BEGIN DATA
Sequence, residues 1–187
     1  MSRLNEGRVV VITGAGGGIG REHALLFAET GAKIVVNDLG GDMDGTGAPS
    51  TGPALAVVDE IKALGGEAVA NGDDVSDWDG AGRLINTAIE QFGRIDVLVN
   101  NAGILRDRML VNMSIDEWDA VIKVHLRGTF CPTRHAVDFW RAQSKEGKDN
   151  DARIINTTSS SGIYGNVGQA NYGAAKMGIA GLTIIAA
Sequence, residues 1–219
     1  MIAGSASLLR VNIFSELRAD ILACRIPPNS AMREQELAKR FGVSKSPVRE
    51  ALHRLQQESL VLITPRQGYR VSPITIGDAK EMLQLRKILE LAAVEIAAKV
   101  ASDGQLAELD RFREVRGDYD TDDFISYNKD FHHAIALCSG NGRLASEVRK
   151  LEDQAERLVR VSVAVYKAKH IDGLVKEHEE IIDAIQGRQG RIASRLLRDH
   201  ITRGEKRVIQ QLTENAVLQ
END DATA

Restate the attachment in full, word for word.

Sequence, residues 1–187
     1  MSRLNEGRVV VITGAGGGIG REHALLFAET GAKIVVNDLG GDMDGTGAPS
    51  TGPALAVVDE IKALGGEAVA NGDDVSDWDG AGRLINTAIE QFGRIDVLVN
   101  NAGILRDRML VNMSIDEWDA VIKVHLRGTF CPTRHAVDFW RAQSKEGKDN
   151  DARIINTTSS SGIYGNVGQA NYGAAKMGIA GLTIIAA
Sequence, residues 1–219
     1  MIAGSASLLR VNIFSELRAD ILACRIPPNS AMREQELAKR FGVSKSPVRE
    51  ALHRLQQESL VLITPRQGYR VSPITIGDAK EMLQLRKILE LAAVEIAAKV
   101  ASDGQLAELD RFREVRGDYD TDDFISYNKD FHHAIALCSG NGRLASEVRK
   151  LEDQAERLVR VSVAVYKAKH IDGLVKEHEE IIDAIQGRQG RIASRLLRDH
   201  ITRGEKRVIQ QLTENAVLQ